Monday, September 12, 2011
A Tale of Two Normals
So, here's the scenario, lets say you have a solid box. If you create a spherical void that cuts the solid, you would expect the result in the second image based on how Revit "typically" works.
But what if what you were looking for was slighting different, what if you wanted the part of the solid that is being subtracted? Normally in the Revit "world" you would say you need to create a void that is on the "outside" rather then just a spehere, to get the result in the third image.
What is I told you that you can create the condition with the same spherical void! You might say, what! How! Well, its seems that normals sometimes do matter in Revit.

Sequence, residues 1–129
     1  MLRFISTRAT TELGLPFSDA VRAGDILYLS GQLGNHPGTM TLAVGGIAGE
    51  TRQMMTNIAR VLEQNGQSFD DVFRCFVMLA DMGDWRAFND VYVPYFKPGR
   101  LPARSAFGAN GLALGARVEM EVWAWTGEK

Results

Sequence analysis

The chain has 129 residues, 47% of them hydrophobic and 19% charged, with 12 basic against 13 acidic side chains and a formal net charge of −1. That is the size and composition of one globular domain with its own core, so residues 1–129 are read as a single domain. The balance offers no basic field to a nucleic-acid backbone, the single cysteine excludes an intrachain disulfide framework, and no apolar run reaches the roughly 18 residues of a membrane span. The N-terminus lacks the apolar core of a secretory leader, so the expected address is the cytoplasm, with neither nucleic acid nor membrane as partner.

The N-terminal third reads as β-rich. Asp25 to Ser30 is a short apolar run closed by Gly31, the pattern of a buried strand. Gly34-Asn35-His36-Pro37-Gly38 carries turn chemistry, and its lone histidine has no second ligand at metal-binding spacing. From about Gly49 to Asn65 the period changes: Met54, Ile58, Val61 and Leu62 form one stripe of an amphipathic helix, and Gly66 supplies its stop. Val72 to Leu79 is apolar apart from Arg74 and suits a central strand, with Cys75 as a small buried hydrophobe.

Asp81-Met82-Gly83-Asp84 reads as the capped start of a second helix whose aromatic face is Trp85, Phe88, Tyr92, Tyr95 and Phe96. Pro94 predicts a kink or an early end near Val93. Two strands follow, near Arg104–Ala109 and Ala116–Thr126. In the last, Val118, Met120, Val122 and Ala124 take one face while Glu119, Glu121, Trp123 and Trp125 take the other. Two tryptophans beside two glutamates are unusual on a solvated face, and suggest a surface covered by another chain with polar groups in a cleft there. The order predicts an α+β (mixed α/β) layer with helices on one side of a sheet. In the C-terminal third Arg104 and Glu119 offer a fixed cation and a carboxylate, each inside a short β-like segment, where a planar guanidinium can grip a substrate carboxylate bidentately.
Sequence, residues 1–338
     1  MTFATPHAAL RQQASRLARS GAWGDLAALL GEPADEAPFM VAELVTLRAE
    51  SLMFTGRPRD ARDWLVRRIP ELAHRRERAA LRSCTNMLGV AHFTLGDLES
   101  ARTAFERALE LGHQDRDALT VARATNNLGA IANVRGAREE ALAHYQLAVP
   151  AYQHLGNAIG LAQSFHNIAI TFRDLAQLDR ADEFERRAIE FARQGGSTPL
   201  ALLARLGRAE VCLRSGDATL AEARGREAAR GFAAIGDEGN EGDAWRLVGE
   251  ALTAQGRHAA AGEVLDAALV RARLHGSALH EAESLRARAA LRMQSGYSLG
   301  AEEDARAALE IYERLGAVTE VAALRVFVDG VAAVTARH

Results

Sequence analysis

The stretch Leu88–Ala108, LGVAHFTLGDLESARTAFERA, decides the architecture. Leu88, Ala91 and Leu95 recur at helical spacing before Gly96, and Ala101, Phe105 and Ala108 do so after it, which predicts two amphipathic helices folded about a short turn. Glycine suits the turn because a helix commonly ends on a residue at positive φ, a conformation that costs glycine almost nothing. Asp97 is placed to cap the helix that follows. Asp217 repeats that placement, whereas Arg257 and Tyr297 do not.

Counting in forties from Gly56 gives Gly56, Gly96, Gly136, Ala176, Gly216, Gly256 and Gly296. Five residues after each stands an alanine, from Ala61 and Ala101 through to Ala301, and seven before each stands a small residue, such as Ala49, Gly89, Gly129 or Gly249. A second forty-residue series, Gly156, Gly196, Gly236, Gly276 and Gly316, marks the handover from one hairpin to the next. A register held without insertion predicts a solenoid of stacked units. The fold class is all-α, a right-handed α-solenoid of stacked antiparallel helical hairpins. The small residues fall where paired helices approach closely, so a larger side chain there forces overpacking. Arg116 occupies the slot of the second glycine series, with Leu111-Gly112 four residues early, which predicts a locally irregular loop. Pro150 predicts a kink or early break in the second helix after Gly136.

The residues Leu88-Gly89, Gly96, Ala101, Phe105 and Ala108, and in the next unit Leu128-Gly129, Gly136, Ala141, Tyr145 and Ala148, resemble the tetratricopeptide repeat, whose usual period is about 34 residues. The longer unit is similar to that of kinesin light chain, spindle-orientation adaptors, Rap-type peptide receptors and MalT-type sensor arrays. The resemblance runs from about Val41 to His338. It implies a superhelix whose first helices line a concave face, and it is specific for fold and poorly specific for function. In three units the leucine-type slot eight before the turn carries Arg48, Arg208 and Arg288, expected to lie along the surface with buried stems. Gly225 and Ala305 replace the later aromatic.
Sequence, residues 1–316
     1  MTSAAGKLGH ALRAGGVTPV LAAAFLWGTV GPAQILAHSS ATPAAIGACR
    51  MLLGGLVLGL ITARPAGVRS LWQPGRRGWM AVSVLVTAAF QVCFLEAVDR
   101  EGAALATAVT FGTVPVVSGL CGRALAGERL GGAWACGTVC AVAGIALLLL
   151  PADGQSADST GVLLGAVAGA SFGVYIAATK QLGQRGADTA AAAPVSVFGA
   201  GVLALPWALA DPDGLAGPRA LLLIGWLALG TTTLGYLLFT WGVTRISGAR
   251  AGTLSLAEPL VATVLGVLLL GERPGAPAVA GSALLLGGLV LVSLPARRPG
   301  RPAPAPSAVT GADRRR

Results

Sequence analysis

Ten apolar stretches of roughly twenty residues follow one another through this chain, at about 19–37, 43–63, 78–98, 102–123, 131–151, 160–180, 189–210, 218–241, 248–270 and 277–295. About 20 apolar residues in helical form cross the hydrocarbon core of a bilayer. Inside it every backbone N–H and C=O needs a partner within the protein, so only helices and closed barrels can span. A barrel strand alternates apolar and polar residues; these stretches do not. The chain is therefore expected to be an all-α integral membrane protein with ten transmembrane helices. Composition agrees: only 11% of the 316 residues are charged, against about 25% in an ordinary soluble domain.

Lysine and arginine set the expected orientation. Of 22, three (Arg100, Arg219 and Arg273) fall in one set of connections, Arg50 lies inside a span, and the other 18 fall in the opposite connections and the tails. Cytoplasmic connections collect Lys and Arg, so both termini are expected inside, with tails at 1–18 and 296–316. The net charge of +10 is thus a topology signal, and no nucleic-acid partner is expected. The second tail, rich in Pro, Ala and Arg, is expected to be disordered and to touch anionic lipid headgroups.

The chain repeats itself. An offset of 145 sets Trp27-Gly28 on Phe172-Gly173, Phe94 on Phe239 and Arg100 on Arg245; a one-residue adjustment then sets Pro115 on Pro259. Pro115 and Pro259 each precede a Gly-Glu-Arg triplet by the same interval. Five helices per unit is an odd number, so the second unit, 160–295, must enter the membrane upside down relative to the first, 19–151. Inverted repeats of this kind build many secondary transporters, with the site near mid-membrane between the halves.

To achieve the result in the third image its is all about how you draw the arc that creates the sphere. In the first example the arc is drawn counter-clockwise from the "top" of the axis to the "bottom" of the axis. To get the result in the third image the arc must be drawn clockwise from "bottom" to the "top" of the axis. In this case the differing result is because the normal(s) of the surface that make the void are different based on the direction of the arc, which is controlled by how you draw it.
An interesting little "feature" in Revit/Vasari (to be honest I did this in Vasari), your mileage may vary on what you get depending on what you're doing, but it could be handy and it shows that it pays to pay attention to what direction you draw your lines, even in Revit!